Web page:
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cyl·in·der (silən-dər)
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n.
1. Mathematics
a. The surface generated by a straight line intersecting and moving along a closed plane curve, the directrix, while remaining parallel to a fixed straight line that is not on or parallel to the plane of the directrix.
b. The portion of such a surface bounded by two parallel planes and the regions of the planes bounded by the surface.
c. A solid bounded by two parallel planes and such a surface, especially such a surface having a circle as its directrix.
2. A cylindrical container or object.
3. Engineering
a. The chamber in which a piston of a reciprocating engine moves.
b. The chamber of a pump from which fluid is expelled by a piston.
4. The rotating chamber of a revolver that holds the cartridges.
5. Any of several rotating parts in a printing press, especially one that carries the paper.
6. Archaeology A cylindrical stone or clay object with an engraved design or inscription.

[Latincylindrus, fromGreekkulindros, fromkulindein, to roll.]
(click for a larger image)
cylinder
To calculate the volume of a right circular cylinder, multiply the area of the base by the altitude.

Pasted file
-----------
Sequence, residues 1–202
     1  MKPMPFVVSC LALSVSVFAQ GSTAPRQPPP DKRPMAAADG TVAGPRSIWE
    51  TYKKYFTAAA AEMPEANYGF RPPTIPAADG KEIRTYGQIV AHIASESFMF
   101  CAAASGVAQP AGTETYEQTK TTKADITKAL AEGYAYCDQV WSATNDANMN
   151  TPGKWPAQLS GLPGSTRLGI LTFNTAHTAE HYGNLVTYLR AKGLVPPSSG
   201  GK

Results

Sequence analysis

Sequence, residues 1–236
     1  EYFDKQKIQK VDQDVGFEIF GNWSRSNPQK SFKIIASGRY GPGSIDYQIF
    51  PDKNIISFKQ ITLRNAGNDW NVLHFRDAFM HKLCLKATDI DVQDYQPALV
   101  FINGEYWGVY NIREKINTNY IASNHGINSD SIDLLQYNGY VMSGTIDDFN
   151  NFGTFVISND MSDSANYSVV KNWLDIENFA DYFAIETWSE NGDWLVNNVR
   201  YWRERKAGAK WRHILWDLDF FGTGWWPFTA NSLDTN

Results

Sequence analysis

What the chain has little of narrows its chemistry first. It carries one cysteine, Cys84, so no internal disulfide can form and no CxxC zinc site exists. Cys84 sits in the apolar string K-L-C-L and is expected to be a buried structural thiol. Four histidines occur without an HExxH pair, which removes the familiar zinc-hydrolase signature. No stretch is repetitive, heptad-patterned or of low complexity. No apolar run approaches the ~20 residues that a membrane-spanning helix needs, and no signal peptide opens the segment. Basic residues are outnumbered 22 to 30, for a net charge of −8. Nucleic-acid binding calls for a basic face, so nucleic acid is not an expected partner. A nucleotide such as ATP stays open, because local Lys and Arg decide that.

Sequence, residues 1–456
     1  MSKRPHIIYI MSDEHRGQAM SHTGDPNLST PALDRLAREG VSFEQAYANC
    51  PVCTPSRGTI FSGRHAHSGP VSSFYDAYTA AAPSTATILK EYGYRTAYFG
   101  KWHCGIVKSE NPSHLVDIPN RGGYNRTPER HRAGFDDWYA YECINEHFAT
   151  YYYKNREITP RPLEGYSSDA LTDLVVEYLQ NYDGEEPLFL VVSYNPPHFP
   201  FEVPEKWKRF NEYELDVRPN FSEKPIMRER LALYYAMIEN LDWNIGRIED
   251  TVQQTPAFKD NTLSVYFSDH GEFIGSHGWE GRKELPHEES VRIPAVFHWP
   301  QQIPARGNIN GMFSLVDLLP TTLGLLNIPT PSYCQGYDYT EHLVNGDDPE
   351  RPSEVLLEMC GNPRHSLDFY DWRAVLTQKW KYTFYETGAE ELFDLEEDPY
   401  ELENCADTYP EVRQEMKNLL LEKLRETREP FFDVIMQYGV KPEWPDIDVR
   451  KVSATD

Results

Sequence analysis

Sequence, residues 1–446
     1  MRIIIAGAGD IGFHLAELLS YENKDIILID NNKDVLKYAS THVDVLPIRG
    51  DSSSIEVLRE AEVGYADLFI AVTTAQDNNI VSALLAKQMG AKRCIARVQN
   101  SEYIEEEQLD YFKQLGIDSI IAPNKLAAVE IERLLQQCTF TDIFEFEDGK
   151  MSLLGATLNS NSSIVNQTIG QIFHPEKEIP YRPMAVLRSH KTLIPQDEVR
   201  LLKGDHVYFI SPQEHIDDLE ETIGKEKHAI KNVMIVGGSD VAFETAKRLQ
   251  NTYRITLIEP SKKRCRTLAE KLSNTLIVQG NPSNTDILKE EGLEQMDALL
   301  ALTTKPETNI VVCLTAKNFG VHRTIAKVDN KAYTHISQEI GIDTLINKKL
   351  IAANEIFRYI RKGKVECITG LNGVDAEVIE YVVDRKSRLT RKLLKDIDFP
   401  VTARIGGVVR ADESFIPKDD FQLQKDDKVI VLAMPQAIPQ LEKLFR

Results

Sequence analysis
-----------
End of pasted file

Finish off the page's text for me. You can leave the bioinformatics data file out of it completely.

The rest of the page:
The American Heritage® Dictionary of the English Language, Fifth Edition copyright ©2019 by Houghton Mifflin Harcourt Publishing Company. All rights reserved.
 

Indo-European & Semitic Roots Appendices

    Thousands of entries in the dictionary include etymologies that trace their origins back to reconstructed proto-languages. You can obtain more information about these forms in our online appendices:

    Indo-European Roots

    Semitic Roots

    The Indo-European appendix covers nearly half of the Indo-European roots that have left their mark on English words. A more complete treatment of Indo-European roots and the English words derived from them is available in our Dictionary of Indo-European Roots.

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